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Thread: Baby Blues

  1. ♡1 Peter 4:8 ♡
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    #1

    Question Baby Blues

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    Did you get them? If so, when did they first come up? When did they finally go away? Did they get better/worse before disappearing completely? How did you know it was just baby blues and not actual PPD?

    Any insight is totally appreciated. Thanks in advance!


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    #2
    What's the difference between baby blues and PPD?
  3. ♡1 Peter 4:8 ♡
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    #3
    Baby blues are not serious, don't last, and go away on their own. PPD is longer lasting and often needs treatment, according to almost everything I've read. I don't actually really know completely...


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    #4
    Oh. I never really felt down or depressed. Tired and frustrated at times yes but nothing to serious. But I also have a really easy baby!
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    #5
    Yeah, my baby is pretty easy too. Lucky us! I don't have any like crazy thoughts about harming myself/my child or anything, but my hormones still seem TOTALLY out of whack. I feel like its gotten worse since giving birth, not better and I really don't think that is normal. I guess I'll ask my doctor at my 6week check up.
    Last edited by KaityBug; 04-18-2012 at 01:04 AM.


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    #6
    I think i may of had baby blues, but i was also recovering from c section so i was really tired and sore and miserable. I felt guilt for leaving the baby or not being able to do enough but other than that it took me about two weeks or so to get myself together!
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    #7
    I definitely had some sort of baby blues but I didn't recognize I had it until months later. I was so angry all the time and frustrated and cried a lot mostly because of that anger and frustration not sadness or depression. AND I was so resentful of dh!!! For no real reason either, I told him that too I told him "look I don't know what's going on but I am really mad at you because you don't have to do everything I do and then you try to help and for some reason that makes me even more mad!! Sooooo sorry in advance!" It took I say 2-3 months for my feelings to level out .
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    #8
    I have dealt with ppd in the past couple of weeks, I already had depression and anxiety before Peyton and when she wasn't gaining weight and I wasn't producing enough milk I completely blamed myself and my depression got worse. I think I noticed a difference between ppd and baby blues because with bb it was closer to when I brought her home, I was exhausted and just sobbed on and off. No particular reason, and I was resentful of my dh Bc I was doing all the work and I was frustrated with my body. That passed though. With my ppd I felt so hopeless and lonely and ppl only cared about the baby and I constantly doubted what I was doing. I thought I was a terrible mother although I have the easiest annd happiest baby. I got a stronger prescription for my antidepressant and started seeing my therapist again and I feel 100% better!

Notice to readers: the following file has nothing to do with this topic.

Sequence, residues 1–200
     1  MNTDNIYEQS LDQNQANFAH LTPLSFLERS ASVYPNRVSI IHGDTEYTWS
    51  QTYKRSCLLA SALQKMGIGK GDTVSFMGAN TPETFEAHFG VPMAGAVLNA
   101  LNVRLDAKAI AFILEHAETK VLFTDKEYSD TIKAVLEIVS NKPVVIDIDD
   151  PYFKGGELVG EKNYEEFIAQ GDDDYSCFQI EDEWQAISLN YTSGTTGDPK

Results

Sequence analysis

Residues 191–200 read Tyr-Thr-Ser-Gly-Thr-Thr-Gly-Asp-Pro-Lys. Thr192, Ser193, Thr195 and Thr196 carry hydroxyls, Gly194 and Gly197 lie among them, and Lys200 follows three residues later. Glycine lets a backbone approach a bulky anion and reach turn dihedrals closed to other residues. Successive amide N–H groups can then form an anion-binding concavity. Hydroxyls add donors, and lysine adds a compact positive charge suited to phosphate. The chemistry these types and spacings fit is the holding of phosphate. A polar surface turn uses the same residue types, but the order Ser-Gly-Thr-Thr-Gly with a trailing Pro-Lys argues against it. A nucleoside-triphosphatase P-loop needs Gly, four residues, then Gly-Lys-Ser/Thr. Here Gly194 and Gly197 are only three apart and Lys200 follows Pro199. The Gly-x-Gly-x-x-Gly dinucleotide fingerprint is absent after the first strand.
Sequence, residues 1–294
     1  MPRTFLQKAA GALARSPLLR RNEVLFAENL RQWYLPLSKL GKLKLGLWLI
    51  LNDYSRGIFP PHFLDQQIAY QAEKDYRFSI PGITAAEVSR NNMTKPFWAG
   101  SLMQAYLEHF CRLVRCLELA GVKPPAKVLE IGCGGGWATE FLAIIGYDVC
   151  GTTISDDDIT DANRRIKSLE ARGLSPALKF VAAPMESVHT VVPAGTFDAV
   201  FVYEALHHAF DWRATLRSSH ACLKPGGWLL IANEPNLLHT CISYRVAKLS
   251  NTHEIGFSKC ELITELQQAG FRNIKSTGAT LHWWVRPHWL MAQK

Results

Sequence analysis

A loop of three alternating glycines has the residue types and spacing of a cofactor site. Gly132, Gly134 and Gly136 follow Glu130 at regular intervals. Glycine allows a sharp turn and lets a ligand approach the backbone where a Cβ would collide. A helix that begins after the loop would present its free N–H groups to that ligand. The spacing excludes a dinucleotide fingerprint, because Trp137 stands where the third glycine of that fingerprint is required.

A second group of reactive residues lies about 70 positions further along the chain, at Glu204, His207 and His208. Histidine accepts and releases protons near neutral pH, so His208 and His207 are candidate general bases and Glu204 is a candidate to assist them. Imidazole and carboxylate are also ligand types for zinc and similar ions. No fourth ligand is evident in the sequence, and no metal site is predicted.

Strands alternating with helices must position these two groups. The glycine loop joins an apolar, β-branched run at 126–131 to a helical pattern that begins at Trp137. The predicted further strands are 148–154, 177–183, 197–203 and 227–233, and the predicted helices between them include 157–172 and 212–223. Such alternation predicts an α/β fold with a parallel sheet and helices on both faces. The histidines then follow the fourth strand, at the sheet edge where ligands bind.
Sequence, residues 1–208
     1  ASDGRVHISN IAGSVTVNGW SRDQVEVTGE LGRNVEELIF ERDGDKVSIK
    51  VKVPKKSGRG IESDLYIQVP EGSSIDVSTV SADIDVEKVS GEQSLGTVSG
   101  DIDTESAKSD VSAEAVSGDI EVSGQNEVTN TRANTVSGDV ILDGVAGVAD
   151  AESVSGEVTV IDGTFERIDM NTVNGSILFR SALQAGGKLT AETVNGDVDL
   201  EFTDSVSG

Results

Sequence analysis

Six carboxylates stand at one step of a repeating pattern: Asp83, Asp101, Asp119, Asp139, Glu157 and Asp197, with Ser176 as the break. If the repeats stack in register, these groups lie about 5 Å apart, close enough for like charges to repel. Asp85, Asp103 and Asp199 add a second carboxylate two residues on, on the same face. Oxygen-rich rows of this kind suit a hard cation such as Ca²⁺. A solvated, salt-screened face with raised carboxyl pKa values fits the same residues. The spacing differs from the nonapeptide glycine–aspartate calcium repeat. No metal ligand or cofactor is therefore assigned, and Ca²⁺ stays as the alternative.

9. Luke 6:37 & Matthew 7:1-2
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    #9
    There is a big difference.. Baby Blue ONLY happen with in the first couple weeks.
    If it happens later it is not baby blues.

    How often do women experience the “baby blues”?
    Approximately 70-80% of all new mothers experience some negative feelings or mood swings after the birth of their child.

    When do the “baby blues” occur?
    Often the symptoms of “baby blues” will hit forcefully within four to five days after the birth of the baby, although depending on how the birth of the baby went, they be noticeable earlier.
    Baby Blues : American Pregnancy Association

    What are the “Baby Blues”?
    What are the “Baby Blues”?
    The “baby blues” are the least severe form of postpartum depression. Approximately 50% to 75% of all new mothers will experience some negative feelings after giving birth. Normally these feelings occur suddenly four to five days after the birth of the baby. The most common symptoms include:

    Crying for no apparent reason
    Mood swings with irritability and anxiousness
    Feel overwhelmed
    Change in eating and sleeping
    While these symptoms are quite unpleasant, they typically resolve on their own within a week to two weeks. Getting as much rest as possible and having a good support system can help these symptoms seem less severe.
    What is Postpartum Depression (PPD)?
    What is Postpartum Depression (PPD)?
    Approximately 15% of new mothers will experience what is classified as postpartum depression (PPD). Symptoms may occur a few days after delivery or sometimes as late as a year later. Women who experience postpartum depression will have alternating good days and bad days. Symptoms can be mild or severe, usually lasting for over 2 weeks. A few of the symptoms include:

    Fatigue